Recently in a forum for church leaders, the question was posed:
How long should the church close if/when someone tests positive for COVID-19?
It’s a question that all organizations are wrestling with as the nation attempts reopening and the numbers of cases continue to climb.
But what if this is the wrong question to ask?
Many church budgets are tight enough as it is—how are you supposed to fit in a guest ministry line item when you have bills and salaries and coffee to pay for?
Guest ministries are a vital follow-up to your outreach efforts, and they sustain churches for growth in years to come by retaining guests and turning them into disciples.
We don’t have to tell you that volunteers are the lifeblood of the church. Our ministries wouldn’t be nearly as effective without those volunteers that give selflessly of their time and talents for the higher purpose of reaching hearts for Jesus.
The term “mental load” has become more and more common, especially among mothers. If you haven’t heard of this term before, “mental load” refers to all of the invisible tasks associated with the management of a household. It’s constant laundry, meal planning and prep, dishes, and baths.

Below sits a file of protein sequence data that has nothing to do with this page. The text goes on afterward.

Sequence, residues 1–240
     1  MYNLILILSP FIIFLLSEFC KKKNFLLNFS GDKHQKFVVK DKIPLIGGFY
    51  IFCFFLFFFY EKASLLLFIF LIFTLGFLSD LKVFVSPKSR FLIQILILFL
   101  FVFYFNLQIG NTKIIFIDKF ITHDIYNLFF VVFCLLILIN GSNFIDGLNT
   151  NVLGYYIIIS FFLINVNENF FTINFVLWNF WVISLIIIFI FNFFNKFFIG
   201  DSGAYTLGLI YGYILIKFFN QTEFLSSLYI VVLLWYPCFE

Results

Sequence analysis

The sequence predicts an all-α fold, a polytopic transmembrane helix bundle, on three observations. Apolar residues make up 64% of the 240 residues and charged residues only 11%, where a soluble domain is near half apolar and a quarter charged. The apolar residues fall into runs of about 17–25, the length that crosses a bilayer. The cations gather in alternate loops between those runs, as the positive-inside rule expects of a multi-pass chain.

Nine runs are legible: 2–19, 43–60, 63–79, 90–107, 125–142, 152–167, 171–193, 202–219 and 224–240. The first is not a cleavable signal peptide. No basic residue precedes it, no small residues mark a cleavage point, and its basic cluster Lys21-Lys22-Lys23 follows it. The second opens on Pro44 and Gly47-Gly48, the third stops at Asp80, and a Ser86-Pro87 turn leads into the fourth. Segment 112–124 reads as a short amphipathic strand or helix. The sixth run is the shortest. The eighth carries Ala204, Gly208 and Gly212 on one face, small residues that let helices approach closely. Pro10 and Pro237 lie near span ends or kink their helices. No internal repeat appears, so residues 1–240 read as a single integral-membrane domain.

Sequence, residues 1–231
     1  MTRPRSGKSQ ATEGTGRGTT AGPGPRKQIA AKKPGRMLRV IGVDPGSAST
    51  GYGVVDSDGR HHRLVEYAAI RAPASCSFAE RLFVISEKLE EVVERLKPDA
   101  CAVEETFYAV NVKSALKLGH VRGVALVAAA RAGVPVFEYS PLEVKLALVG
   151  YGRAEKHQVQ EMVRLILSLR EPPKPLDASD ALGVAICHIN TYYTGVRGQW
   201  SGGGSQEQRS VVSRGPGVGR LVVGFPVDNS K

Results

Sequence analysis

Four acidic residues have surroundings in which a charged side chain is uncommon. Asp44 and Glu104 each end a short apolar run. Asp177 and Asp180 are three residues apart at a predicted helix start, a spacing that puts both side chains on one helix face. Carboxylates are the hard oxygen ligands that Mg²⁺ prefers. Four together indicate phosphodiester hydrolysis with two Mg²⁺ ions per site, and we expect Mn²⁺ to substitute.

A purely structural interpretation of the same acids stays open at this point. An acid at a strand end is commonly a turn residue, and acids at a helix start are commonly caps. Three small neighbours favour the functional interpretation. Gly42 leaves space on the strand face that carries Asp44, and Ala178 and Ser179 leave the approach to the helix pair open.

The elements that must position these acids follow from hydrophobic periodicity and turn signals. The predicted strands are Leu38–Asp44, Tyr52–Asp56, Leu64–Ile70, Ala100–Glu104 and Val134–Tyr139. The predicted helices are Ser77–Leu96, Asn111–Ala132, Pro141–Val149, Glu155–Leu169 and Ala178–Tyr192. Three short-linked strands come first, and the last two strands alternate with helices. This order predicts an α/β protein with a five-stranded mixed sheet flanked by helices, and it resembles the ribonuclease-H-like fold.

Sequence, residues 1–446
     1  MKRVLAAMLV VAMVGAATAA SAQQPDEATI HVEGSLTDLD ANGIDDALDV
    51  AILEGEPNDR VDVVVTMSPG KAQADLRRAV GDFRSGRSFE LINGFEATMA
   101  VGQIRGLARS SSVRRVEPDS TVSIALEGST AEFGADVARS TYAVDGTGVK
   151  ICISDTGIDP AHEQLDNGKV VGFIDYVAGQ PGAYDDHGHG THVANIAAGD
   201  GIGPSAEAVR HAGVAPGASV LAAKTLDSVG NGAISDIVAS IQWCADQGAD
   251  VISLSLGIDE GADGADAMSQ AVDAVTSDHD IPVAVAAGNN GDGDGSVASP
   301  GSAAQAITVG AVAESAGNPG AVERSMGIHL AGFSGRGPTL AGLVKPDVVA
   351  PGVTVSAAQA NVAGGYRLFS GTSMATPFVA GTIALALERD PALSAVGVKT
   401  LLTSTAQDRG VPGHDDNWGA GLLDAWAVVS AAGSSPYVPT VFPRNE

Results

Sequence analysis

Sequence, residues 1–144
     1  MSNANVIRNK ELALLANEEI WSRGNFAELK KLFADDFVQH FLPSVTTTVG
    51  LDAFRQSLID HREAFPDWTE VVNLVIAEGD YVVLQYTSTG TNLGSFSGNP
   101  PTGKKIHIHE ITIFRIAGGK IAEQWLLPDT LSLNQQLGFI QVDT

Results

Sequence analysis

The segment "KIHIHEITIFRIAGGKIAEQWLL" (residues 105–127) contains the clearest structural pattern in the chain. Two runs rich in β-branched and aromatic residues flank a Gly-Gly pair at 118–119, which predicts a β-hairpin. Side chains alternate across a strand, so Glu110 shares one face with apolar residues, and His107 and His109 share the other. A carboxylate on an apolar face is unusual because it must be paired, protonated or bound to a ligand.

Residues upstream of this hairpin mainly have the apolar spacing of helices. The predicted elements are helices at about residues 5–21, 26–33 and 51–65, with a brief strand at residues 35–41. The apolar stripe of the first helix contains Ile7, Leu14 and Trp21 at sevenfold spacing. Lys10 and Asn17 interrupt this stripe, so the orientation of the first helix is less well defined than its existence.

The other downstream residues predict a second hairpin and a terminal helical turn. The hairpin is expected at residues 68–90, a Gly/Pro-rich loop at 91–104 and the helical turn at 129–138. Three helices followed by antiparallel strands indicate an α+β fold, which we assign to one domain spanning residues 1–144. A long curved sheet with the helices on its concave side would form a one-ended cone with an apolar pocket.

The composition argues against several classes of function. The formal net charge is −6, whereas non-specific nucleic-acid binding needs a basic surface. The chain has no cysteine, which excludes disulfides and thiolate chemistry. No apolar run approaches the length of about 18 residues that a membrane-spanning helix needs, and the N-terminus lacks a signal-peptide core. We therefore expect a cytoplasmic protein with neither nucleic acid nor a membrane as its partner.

Just like football has its “Super Day” every year, many churches view Easter Sunday as their “Super Day” for reaching out to the community. People who only come a few times a year are getting their “Sunday Best” ready and you want them at your church!
As the generational switch in leadership continues to take place, more and more churches are evaluating whether or not their lobby is the inviting space they want, or a holdover from a past era.
Guests come to your church for many reasons, with many different interests and goals. That means they’ll have different questions they need answered as they decide to join your church.
My wife and I were fortunate enough to go on a “vacation of a lifetime” to Europe, where we spent time in London, Paris, and Rome.
You’re going to have a lot of guests this Christmas. If we’re honest with each other and past years are any indication of the future, you probably won’t see many of them again until Easter.
Training Your Volunteers
If you want your volunteers to represent your church well, here are some things to keep in mind when training them.